# Distribution of percentage of occurences of each streak length in an infinite sequenc

• Apr 24th 2008, 06:32 AM
ThodorisK
Distribution of percentage of occurences of each streak length in an infinite sequenc
For fair coin tosses, in an INFINITE sequence-number of tosses the average length of consecutive wins (or losses) is 1/(1-p)=2, right?

Now imagine the distribution that: At the axis of x we see all possible streak lengths (which we meet in an infinite number of tosses), and at the axis of y we see the number of occurences of a particular streak length (in an infinite number of tosses) divided by the total number of occurences of all streak lengths (in an infinite number of tosses). So the axis of y counts percentages. If the infinite number of tosses confuses you, think of 1 trillion tosses.

So since the average streak length is 2, I guess the highest percentage, is that of the "streak length 2", and all other streak lengths have a lower percentage? That is, in a future infinite sequence of tosses, we will meet the "streak length 2", more times than any other streak length?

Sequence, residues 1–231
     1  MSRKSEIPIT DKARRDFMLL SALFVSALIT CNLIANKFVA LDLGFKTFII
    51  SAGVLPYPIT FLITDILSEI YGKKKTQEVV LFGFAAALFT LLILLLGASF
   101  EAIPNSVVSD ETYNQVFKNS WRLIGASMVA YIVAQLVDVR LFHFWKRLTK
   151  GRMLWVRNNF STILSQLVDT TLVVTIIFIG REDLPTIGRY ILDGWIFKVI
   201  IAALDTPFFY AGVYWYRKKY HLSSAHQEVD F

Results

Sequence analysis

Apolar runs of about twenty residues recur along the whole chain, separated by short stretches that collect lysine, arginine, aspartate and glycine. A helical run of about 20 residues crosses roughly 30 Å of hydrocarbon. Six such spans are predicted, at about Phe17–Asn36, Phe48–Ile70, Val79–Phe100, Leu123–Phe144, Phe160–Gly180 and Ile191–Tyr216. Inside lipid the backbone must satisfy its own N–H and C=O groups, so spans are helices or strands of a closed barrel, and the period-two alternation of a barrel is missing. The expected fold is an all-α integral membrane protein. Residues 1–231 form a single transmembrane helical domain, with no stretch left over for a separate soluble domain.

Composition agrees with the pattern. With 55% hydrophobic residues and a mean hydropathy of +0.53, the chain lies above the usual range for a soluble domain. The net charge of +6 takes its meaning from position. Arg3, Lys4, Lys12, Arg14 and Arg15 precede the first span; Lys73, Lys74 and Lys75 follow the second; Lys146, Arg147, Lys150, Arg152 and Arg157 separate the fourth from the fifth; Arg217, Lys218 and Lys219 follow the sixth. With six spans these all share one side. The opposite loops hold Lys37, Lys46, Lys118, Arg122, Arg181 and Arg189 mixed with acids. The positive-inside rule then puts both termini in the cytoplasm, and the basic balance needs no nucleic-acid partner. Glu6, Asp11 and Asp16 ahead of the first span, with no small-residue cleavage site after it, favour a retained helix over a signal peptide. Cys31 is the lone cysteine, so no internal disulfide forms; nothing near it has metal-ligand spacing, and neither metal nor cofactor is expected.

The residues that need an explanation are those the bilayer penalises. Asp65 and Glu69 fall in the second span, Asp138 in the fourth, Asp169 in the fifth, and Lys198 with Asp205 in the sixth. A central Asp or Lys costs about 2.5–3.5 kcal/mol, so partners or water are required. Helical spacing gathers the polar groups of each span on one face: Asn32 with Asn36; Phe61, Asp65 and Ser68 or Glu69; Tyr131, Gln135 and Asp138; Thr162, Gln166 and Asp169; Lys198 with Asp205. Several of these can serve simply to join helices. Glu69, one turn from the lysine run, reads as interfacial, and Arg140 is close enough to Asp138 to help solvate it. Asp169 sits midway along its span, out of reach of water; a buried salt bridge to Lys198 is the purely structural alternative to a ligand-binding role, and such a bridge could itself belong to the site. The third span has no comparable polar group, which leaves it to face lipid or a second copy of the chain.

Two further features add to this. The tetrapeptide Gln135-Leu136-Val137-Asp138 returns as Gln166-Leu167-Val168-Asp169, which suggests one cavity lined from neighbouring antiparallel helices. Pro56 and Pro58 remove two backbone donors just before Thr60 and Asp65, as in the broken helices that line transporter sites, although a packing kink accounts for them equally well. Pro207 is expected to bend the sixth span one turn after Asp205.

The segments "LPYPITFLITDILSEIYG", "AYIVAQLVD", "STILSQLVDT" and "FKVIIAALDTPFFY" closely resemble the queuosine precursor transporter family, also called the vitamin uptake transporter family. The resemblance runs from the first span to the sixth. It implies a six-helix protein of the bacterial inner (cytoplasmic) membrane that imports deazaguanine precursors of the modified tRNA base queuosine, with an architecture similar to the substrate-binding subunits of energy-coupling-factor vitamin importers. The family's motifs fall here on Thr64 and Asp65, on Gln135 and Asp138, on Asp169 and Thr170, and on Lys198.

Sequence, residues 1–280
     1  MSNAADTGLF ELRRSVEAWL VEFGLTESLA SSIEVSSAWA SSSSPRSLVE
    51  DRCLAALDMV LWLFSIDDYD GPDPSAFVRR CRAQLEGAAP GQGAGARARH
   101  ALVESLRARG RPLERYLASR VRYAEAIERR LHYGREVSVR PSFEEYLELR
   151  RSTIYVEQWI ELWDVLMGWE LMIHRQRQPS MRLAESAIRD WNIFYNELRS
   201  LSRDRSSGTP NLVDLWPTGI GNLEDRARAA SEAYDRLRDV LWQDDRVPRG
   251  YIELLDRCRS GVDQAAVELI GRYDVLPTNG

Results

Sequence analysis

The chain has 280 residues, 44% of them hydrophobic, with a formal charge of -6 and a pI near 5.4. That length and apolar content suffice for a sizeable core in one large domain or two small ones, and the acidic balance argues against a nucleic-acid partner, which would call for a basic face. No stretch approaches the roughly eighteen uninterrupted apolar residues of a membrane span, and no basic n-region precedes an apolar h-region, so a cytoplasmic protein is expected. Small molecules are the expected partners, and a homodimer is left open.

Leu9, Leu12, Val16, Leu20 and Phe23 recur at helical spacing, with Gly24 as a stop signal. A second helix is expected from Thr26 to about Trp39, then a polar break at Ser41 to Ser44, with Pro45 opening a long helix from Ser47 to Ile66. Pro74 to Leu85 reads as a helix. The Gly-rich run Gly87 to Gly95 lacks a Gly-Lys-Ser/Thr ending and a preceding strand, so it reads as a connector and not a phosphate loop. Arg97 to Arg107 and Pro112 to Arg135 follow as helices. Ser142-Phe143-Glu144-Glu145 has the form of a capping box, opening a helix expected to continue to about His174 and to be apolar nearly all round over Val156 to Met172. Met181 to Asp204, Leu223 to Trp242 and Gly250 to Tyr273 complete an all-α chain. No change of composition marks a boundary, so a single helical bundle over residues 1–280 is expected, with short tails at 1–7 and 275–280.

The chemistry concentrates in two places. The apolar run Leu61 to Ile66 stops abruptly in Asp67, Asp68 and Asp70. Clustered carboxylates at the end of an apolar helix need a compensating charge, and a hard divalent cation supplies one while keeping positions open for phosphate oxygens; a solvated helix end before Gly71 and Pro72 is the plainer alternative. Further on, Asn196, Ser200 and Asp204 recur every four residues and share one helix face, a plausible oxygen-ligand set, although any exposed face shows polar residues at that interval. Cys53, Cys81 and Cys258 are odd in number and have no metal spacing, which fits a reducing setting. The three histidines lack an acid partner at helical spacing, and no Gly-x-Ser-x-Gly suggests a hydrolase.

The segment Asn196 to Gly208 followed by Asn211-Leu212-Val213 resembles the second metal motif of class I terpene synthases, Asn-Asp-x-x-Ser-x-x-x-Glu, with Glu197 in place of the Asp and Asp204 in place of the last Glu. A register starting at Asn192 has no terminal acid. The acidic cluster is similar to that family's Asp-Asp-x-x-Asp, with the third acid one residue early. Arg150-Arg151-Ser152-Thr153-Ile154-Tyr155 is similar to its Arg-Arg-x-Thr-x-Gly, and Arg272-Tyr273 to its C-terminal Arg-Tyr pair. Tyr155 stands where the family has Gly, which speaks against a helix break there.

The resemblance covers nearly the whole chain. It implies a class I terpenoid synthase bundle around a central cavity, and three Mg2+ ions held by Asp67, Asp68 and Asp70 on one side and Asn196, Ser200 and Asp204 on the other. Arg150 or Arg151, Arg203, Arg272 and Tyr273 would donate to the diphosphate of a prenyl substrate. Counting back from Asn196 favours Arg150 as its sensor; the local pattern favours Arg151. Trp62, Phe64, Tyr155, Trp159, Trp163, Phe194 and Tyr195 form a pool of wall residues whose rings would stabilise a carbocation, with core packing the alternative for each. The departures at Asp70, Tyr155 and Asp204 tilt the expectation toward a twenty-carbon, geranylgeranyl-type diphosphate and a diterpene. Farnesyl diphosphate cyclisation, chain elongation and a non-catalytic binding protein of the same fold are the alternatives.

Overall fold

The question is, where can I find the formula that gives the values for this distribution? Please, no mathematical symbols without explaining what they mean.
• Apr 24th 2008, 06:43 AM
CaptainBlack
Quote:

Originally Posted by ThodorisK
For fair coin tosses, in an INFINITE sequence of tosses the average length of consecutive wins (or losses) is 1/(1-p)=2, right?

Now imagine the distribution that: At the axis of x we see all possible streak lengths (which we meet in an infinite sequence of tosses), and at the axis of y we see the number of occurences of a particular streak length divided by the total number of occurences of all streak lengths (in an infinite sequence of tosses). So the axis of y counts percentages.

So since the average streak length is 2, I guess the highest percentage, is that of the "streak length 2", and all other streak lengths have a lower percentage. That is, in a future infinite sequence of tosses, we will meet the "streak length 2", more times than any other streak length.

The question is, where can I find the formula that gives the values for this distribution?

I think the most likely streak length is 1.

RonL